Blessed with impressive sporting genes, tall and agile defender Bernice Mene was destined to leave her mark once netball became her sport of choice. Of Samoan descent, both her parents represented New Zealand at the Commonwealth Games in field events.

A standout defender of her generation, Mene was first drafted into the Silver Ferns squad as a 17-year-old schoolgirl in 1992, her on-court dynamism, maturity and ability to read the game capturing instant attention. In 1997, at just 22, the popular, Mene became the Silver Ferns 19th captain. She represented the Silver Ferns at two Netball World Cups (1995, 1999) and one Commonwealth Games (1998).

In 2003, Mene was awarded the New Zealand Order of Merit (NZOM) for her services to netball.

Post-playing, Mene has etched out a successful career across education, television and sport. A qualified secondary school languages teacher, time as a career counsellor for elite performers steered her future course into governance where she has played a strong hand across diverse sectors. That includes being an inaugural Board member of the New Zealand Netball Players Association (NZNPA) in 2007 while in 2018, she was appointed to the NNZ Board. She fulfils the same role on numerous other non-netball related Boards.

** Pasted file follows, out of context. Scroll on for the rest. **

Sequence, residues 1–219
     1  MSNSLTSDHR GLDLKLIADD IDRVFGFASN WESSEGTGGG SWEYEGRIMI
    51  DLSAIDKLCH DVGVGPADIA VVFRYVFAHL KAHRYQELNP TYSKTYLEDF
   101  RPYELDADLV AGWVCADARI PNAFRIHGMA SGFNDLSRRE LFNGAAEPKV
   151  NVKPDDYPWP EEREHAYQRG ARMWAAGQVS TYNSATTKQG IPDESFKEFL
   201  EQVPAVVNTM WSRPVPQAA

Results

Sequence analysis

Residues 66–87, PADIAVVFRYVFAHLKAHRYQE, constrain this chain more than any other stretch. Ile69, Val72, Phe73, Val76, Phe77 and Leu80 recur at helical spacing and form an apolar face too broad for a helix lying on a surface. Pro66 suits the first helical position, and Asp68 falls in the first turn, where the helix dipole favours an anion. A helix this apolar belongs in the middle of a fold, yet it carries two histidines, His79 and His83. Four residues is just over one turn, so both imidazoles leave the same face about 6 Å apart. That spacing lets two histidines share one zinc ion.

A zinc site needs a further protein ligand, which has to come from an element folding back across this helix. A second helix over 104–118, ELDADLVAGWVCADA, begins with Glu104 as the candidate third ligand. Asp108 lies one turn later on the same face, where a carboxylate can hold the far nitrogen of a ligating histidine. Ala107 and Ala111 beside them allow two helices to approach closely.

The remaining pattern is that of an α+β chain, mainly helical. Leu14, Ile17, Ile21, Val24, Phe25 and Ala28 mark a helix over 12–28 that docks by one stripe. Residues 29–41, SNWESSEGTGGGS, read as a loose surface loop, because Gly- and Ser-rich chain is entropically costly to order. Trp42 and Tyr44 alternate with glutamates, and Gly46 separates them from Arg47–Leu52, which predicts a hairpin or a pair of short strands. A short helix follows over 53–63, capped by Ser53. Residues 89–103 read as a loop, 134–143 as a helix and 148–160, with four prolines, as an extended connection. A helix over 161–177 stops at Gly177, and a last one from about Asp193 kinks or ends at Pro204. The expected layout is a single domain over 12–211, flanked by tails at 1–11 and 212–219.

Married to former Blackcaps cricketer Dion Nash, the couple have three children.


An exceptionally gifted midcourter, with superb vision and the power to lead, Ana Noovao came through the ranks of New Zealand youth teams before making the Silver Ferns in 1988 as a 20-year-old.

She quickly assumed a position of leadership in the New Zealand side, becoming vice captain for the 1990 Commonwealth Games demonstration match in Auckland, and at the 1991 World Cup. She then took on the role of Silver Ferns captain throughout 1992 after Waimarama Taumaunu retired.

During her career, Noovao made the decision not to play on Sundays for religious reasons.